When considering the impact dementia can have on a person with a learning disability, it is common to look at the physical implications a diagnosis will have as well as the disruptions it will inevitably cause to the person’s routine and the activities of daily living. However, what is less commonly considered is the emotional impact of a diagnosis; not only in terms of how it will make the person feel, but how the diagnosis can impact the person’s mood, emotions and behaviour.
As well as showing signs of confusion, the person might become angry, difficult or frustrated and it is important to keep the approach person-centred by always considering why the person is displaying certain behaviours. If the person isn’t able to communicate verbally, is their behaviour trying to reveal how they’re feeling, or that a need isn’t being met? Is it due to a lack of understanding or fear, with the person not being able to comprehend why they can no longer do the things they used to be able to do? Or does the person simply not want to do something, even if they might have wanted to do it pre-diagnosis?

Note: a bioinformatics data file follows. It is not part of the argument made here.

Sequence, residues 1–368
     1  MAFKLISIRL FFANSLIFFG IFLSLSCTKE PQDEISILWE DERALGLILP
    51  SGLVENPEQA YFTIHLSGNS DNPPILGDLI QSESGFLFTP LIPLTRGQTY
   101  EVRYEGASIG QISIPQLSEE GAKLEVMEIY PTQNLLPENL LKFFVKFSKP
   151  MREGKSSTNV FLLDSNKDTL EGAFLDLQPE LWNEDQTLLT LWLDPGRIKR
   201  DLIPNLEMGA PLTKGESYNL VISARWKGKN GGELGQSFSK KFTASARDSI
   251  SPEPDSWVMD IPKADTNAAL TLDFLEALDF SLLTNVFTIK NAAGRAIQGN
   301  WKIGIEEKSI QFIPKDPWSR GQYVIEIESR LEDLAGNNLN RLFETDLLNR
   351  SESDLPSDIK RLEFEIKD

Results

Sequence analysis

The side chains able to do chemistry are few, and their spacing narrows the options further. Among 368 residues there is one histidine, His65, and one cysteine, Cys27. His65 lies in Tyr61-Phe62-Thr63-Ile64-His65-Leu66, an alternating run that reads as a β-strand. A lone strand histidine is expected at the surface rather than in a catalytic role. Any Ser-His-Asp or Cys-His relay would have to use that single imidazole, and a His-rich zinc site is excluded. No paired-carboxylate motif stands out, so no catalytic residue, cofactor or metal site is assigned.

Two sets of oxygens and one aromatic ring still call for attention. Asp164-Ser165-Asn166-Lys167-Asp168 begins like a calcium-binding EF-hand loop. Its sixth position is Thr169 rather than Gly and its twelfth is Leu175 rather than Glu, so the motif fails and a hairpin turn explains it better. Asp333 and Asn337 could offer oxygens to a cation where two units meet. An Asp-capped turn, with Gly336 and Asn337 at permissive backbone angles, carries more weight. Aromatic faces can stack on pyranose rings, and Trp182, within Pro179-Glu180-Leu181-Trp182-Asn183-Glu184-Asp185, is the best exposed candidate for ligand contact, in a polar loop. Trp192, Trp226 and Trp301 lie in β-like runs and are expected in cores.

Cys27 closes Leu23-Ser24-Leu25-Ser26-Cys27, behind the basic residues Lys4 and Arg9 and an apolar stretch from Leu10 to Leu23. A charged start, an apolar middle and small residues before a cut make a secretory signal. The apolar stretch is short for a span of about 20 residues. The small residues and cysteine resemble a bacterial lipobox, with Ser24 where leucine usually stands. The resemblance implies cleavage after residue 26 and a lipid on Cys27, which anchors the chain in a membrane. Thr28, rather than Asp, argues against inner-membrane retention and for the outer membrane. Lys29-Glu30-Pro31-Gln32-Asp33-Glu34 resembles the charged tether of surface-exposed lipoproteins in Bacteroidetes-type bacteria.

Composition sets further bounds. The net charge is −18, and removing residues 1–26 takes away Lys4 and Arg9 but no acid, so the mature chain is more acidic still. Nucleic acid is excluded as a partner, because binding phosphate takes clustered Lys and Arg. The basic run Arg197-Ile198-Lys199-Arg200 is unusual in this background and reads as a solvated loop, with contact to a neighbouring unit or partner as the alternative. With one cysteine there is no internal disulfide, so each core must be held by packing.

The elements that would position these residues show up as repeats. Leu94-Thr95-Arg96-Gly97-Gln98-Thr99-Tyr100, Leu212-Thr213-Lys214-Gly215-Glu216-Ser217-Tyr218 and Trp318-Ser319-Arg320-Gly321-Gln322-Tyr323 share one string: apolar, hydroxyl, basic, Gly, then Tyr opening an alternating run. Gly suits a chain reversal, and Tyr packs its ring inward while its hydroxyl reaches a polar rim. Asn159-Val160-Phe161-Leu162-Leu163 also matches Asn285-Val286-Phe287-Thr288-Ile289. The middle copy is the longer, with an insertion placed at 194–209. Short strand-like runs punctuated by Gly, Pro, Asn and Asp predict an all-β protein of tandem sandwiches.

In the second part of this series, Sarah Lancaster, Registered Manager, explains that by building a relationship with the person and continuously reflecting on how the emotional needs of the person can best be met and understood, we can ensure that the person receives the support which is best suited to them.